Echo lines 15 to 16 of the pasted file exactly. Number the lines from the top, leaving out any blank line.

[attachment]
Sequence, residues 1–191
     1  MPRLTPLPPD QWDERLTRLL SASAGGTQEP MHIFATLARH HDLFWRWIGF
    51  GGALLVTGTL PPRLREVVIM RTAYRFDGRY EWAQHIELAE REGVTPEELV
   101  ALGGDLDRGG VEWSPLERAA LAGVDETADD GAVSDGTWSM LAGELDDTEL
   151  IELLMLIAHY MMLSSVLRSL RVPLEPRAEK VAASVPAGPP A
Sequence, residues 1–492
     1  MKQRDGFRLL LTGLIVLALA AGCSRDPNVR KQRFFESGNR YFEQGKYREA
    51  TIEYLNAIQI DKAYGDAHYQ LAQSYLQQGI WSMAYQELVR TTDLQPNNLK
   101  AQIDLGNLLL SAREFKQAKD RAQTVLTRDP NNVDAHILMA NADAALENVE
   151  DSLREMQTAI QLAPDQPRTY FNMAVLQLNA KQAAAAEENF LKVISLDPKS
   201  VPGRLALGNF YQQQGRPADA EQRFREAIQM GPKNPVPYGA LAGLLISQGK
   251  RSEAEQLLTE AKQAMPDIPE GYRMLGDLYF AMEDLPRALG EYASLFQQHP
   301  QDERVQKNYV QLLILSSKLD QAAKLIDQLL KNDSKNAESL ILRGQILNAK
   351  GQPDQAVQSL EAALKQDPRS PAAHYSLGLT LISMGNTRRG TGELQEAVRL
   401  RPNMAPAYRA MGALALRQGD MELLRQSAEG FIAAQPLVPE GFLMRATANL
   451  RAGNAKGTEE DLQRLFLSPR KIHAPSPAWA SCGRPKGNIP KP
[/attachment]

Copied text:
   401  RPNMAPAYRA MGALALRQGD MELLRQSAEG FIAAQPLVPE GFLMRATANL
   451  RAGNAKGTEE DLQRLFLSPR KIHAPSPAWA SCGRPKGNIP KP